BEFORE: Design plans for the Makena Resort show the latest changes in response to community concerns, including adding more open space, removing buildings and moving units farther away from Makena Landing.

BEFORE: Design plans for the Makena Resort show the latest changes in response to community concerns, including adding more open space, removing buildings and moving units farther away from Makena Landing.

As part of the many provisions of the agreement, ATC Makena will expand Makena Landing Park by about an acre and build an off-site parking lot with free shuttle service to Makena State Park, Perez said. The developer also will reopen the historic Makena-Ulupalakua trail and Aupuni Road for hiking and hire a cultural manager to oversee access.

The settlement also calls for the creation of a community benefit fund for things like trail building and cultural restoration on the 47 acres. ATC Makena will contribute $363,000 to start the fund, then add $125 per housing unit per year, including units built on future projects.

And, even if ATC Makena sells the land in the future, the provisions will stay in place.

“We’d rather they didn’t develop it, but this is a compromise on all sides, and we appreciate their willingness to reach, I would say, a fair settlement,” Perez said. He added that he hoped the agreement would show that the county has “a lot more power to ask for more for the community than they have been.”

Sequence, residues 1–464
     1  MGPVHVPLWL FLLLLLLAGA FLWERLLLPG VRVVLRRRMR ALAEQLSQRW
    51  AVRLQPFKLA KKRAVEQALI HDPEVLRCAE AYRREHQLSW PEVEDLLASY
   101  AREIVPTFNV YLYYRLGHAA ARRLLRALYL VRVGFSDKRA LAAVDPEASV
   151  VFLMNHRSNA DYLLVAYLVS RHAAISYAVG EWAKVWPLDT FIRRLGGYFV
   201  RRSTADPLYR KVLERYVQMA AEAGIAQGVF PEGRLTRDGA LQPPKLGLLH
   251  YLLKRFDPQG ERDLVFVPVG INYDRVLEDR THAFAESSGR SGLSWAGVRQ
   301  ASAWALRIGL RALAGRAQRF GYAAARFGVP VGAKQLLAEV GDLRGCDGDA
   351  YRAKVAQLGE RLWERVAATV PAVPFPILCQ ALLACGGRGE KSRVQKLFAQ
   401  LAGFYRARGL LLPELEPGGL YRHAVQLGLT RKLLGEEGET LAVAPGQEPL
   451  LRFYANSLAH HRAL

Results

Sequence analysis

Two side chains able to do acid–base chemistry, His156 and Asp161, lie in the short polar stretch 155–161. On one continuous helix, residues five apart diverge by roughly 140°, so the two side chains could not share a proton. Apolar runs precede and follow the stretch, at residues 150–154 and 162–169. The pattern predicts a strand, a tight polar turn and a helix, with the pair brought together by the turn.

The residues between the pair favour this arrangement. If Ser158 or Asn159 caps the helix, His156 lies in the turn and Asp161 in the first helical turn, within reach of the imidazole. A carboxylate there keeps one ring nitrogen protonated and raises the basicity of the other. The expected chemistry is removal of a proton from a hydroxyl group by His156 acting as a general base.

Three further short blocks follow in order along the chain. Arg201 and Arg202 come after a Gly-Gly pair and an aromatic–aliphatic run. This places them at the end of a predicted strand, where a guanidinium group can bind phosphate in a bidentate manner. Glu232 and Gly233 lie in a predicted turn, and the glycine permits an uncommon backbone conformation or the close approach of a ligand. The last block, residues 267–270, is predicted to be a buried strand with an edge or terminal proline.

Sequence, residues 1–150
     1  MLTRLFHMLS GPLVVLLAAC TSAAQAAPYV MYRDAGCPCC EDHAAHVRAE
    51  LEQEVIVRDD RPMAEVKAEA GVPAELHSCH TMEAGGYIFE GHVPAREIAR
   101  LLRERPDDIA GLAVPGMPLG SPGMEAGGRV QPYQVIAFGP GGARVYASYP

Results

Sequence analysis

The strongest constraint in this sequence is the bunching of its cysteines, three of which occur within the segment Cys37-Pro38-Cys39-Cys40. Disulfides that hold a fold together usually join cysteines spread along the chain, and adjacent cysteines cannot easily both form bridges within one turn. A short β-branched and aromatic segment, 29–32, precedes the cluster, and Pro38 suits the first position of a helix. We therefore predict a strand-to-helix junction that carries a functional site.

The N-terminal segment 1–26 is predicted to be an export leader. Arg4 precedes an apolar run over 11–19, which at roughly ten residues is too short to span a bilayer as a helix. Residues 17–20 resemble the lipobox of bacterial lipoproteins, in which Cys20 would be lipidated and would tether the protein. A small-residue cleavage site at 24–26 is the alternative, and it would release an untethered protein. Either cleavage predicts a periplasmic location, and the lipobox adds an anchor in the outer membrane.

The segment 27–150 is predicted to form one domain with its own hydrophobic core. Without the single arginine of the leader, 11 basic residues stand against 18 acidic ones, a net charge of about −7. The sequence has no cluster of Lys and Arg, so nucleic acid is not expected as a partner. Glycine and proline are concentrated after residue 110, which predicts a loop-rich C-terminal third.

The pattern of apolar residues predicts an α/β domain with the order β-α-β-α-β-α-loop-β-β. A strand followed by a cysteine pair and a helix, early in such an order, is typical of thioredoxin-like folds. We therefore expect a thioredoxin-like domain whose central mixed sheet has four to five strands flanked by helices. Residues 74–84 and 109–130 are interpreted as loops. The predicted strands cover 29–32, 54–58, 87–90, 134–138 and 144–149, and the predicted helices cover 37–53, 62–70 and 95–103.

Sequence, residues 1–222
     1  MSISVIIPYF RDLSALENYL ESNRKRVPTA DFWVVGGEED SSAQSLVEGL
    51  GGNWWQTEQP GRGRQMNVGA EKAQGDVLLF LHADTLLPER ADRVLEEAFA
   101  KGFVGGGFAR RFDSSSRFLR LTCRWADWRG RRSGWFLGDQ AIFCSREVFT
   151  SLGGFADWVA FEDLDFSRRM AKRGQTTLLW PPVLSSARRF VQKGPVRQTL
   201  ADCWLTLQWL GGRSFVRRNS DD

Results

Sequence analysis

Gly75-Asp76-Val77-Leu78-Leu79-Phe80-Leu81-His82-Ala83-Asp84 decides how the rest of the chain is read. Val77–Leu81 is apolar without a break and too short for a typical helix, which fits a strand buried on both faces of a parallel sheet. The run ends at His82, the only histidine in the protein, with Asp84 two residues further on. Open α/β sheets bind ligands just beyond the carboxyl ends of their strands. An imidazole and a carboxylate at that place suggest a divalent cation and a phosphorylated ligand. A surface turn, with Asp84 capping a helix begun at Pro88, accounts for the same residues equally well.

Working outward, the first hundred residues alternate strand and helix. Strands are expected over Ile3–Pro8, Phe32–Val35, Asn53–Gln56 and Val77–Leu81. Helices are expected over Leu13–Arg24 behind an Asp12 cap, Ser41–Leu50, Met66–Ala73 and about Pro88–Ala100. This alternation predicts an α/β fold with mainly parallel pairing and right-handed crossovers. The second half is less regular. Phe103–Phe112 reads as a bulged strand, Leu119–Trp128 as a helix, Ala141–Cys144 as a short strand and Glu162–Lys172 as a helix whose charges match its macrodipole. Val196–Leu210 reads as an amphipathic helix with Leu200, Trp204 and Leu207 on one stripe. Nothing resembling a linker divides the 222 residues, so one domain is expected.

Now, Divita said developers will focus on detailed design plans, then apply for building permits and start construction, which is slated to begin by May 2020.

AFTER

AFTER

Leahi Hall of Discovery Land Co. said the project will generate about 160 jobs during the five-year construction period. After construction, resort operations will require another 145 jobs. Hall said the resort also plans to contribute $465,000 to the state Department of Education for schools and $2.3 million to the county Parks and Recreation Department.

Longtime Makena residents who testified Tuesday all spoke in support of the project. Laurie Chang said developers made many changes based on community suggestions.

“It’s been wonderful working with a developer that listens and gets to know you,”Chang said.

The attention to the community won over commissioners. Keaka Robinson said that since developers applied for an SMA use permit in November 2015, they “have been nothing but professional.”

“I’m glad you guys stuck with it and you were able to work with the Sierra Club and Maui Tomorrow,” Robinson continued. “A lot of people refuse to do that. . . . The things you guys said two years ago about wanting to be part of the community, I noticed that. I was one of the opponents of this. . . . I’m very happy you guys have been doing the right thing.”

Divita said the team was prepared for the long haul.

“When we committed to the community-based process up front, we knew it would involve give and take and a meeting of the minds, and that that would be time consuming,” he said. “But that also results in a better project in the end for everybody.”